The history of rosé would take a dramatic turn following the conclusion of World War II when two Portuguese wine producer families both released sweet, slightly sparkling rosés to the European and American markets. These wines, Mateus and Lancers, would go to set record sales in Europe and the US and dominate the Portuguese wine industry for most of the 20th century but their popularity has declined in the recent years of the 21st century. While they still have a presence in the European and US markets, the trend towards traditional, drier rosés as well as the development of American “blush” wines like White Zinfandel have cut into their market shares.

In the early 1970s, demand for white wine exceeded the availability of white wine grapes, so many California producers made “white” wine from red grapes, in a form of saignée production with minimal skin contact, the “whiter” the better. In 1975, Sutter Home’s “White Zinfandel” wine experienced a stuck fermentation, a problem in which the yeast dies off before all the sugar is turned to alcohol. Winemaker Bob Trinchero put it aside for two weeks, then upon tasting it he decided to sell this pinker, sweeter wine.

In 1976, wine writer Jerry D. Mead visited Mill Creek Vineyards in Sonoma County, California. Charles Kreck had been one of the first to plant Cabernet Sauvignon vines in California, and offered Mead a wine made from Cabernet that was a pale pink and as yet unnamed. Kreck would not call it “White Cabernet” as it was much darker in color than red grape “white” wines of the time, yet it was not as dark as the rosés he had known. Mead jokingly suggested the name “Cabernet Blush”, then that evening phoned Kreck to say that he no longer thought the name a joke. In 1978 Kreck trademarked the word “Blush”.The name caught on as a marketing name for the semi-sweet wines from producers such as Sutter Home and Beringer. Today, Blush wine appears on wine lists more often as a category, rather than a specific wine. In 2010 Mill Creek produced a rosé wine for the first time in years, although Jeremy Kreck (Charles’ grandson and current winemaker) chose not to use the Blush name.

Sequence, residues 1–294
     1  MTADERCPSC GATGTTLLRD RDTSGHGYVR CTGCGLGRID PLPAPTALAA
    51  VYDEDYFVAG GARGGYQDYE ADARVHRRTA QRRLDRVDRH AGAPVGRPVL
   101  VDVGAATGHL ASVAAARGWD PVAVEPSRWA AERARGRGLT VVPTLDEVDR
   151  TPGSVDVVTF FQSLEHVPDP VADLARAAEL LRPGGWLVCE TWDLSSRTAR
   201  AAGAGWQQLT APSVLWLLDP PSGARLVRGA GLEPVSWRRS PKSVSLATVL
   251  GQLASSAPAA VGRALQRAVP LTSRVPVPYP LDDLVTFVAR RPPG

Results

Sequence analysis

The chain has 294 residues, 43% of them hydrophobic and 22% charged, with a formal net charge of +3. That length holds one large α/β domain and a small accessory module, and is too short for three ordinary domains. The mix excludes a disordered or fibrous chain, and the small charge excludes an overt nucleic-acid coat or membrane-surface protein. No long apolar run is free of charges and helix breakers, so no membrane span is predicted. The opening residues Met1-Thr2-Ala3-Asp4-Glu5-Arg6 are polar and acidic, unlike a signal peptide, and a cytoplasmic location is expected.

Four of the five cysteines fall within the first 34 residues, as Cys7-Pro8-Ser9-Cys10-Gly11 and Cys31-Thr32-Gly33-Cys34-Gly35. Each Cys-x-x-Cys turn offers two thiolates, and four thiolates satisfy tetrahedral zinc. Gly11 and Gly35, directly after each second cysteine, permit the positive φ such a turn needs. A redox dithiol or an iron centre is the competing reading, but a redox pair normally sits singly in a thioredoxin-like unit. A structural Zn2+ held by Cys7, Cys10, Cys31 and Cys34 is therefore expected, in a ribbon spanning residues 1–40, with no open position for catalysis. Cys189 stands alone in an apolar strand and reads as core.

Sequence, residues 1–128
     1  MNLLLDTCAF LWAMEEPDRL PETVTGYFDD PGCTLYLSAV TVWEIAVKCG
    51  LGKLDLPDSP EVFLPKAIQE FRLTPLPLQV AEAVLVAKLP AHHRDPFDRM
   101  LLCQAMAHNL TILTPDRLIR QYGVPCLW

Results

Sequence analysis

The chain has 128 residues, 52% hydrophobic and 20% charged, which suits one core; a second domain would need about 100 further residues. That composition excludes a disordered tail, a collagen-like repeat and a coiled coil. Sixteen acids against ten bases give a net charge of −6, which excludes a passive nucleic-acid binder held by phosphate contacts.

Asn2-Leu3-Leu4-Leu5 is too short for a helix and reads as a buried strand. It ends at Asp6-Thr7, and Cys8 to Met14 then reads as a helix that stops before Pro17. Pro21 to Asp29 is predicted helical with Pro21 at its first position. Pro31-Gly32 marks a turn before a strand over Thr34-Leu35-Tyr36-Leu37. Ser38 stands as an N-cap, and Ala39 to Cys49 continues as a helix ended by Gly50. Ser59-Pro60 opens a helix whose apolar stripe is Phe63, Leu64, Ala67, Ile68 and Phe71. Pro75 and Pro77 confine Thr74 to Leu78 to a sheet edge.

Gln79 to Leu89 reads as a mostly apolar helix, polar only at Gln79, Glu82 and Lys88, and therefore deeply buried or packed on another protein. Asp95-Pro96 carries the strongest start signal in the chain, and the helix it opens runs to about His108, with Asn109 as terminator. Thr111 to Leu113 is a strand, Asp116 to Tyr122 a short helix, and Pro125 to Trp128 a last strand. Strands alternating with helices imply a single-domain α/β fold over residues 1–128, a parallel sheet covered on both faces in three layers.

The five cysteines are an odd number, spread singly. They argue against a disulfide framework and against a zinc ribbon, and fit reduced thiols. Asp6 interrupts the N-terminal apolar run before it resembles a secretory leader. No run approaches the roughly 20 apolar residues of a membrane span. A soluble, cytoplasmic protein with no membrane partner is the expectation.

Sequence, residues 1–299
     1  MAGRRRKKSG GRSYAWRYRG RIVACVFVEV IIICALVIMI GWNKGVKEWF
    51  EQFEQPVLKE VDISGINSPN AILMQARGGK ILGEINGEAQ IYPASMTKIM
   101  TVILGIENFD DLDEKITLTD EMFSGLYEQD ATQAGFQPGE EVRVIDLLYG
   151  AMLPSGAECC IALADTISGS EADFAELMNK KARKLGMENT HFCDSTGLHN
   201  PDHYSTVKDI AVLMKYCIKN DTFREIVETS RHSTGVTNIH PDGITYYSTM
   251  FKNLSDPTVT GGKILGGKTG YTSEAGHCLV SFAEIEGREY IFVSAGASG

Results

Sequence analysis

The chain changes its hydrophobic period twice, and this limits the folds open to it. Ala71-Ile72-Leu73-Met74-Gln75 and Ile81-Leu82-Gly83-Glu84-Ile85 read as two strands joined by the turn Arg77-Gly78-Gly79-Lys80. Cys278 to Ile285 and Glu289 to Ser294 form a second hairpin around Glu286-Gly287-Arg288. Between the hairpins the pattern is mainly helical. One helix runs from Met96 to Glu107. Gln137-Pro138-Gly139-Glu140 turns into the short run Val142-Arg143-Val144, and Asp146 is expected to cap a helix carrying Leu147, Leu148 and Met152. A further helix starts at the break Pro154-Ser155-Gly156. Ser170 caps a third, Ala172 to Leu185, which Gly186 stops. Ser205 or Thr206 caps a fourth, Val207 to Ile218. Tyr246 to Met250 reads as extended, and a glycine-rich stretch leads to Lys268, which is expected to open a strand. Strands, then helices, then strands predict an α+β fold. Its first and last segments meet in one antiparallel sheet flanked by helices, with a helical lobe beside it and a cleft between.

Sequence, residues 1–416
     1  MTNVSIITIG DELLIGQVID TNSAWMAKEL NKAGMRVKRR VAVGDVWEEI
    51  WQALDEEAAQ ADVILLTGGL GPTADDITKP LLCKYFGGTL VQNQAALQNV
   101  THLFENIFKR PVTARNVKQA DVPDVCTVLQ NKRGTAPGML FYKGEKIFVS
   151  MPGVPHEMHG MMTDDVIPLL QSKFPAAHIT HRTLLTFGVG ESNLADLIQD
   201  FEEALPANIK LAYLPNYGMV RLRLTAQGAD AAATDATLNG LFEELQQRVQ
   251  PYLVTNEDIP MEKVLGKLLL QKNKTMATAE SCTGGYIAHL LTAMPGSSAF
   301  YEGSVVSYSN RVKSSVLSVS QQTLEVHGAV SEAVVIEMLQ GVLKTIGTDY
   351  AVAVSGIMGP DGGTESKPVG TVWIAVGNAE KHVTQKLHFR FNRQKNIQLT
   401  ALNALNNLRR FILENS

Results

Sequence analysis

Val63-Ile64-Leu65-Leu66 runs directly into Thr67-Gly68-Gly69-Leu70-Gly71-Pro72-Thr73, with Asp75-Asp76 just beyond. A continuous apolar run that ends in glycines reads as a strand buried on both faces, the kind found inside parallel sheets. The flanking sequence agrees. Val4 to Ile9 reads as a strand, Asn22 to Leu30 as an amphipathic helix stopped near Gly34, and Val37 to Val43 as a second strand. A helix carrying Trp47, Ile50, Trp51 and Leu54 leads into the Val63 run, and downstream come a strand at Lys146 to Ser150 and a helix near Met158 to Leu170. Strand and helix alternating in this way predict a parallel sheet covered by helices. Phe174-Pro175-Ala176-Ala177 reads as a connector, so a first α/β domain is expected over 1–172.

Although “blush” originally referred to a color (pale pink), it now tends to indicate a relatively sweet pink wine, typically with 2.5% residual sugar; in North America dry pink wines are usually marketed as rosé but sometimes as blush. In Europe, almost all pink wines are referred to as rosé regardless of sugar levels, even semi-sweet ones from California. As the term rosé regain popularity in the US market, shares of wine labeled “blush” declined from 22% of all wines consumed in the US in 1997 to 15% in 2003.